If Jon Stewart saved or ruined democracy — depending on who you ask — what about Trevor Noah?
The unending string of hilarious #SochiProblems and daily stories of government gluttony have positioned Russia as a sort of shadow version of the American Way of Life.
A federal appeals court just ended net neutrality because the FCC didn’t call it what it is: common carriage.
Miami Heat fans’ early exit from game six of the NBA Finals is the latest flashpoint in mediated discussions of Florida this year.
Ten (or more) media industry news items you might have missed recently.
The new findings on player concussions have caused an onslaught of negative media attention for the NFL, and may soon bring the sport of professional football to a crucial crossroads.
NBC’s new First Family sitcom, 1600 Penn, is surprisingly devoid of conventional political engagement, instead relying on traditional domestic comedy in the form of interpersonal conflict.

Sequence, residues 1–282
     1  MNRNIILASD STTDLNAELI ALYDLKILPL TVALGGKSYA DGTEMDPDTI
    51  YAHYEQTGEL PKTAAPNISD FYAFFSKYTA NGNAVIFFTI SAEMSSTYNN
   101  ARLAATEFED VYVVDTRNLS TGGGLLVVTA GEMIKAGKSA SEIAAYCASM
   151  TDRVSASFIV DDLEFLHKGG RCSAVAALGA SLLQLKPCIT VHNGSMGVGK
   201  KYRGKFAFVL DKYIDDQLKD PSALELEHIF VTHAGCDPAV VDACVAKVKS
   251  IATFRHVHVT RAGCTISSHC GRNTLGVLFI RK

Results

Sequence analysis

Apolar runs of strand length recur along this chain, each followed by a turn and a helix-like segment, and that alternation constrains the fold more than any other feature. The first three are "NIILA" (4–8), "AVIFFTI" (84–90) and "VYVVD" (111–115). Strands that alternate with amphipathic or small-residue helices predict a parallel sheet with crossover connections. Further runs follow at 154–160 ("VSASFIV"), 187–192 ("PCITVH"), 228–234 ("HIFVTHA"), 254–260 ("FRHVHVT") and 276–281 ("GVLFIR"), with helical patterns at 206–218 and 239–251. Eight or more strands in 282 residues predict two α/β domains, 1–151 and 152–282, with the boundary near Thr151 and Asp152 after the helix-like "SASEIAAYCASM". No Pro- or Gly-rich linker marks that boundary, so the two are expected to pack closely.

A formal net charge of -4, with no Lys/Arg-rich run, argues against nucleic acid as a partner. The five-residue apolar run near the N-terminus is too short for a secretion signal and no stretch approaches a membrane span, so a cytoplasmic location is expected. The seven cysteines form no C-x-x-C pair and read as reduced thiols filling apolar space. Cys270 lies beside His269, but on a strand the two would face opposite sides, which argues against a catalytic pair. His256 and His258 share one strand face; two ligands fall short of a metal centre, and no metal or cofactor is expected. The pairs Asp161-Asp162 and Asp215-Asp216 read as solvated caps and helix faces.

As the Canadian Museum of Civilization transforms into the Canadian Museum of History, it seems that meaningful conversations about historical issues that are actually formative of Canadian culture are less compelling than the $25 million incentive that comes with the tunnel vision of the Ministry of Heritage.
Canada’s sesquicentennial is eagerly anticipated by Canada’s Conservative government, which is planning a series of commemorative events. The trouble is, these events are contrived to commemorate the Conservative government far more than the nation’s glorious (or inglorious) pasts.
What political investments are written into discursive analysis? What is the relationship between media literacy and aesthetic analysis?
Glenn Beck’s departure from Fox News does not mean he truly leaves the network. Cable television news has been fundamentally changed as a result of his presence. We look back at Beck’s legacy and what that means for television news.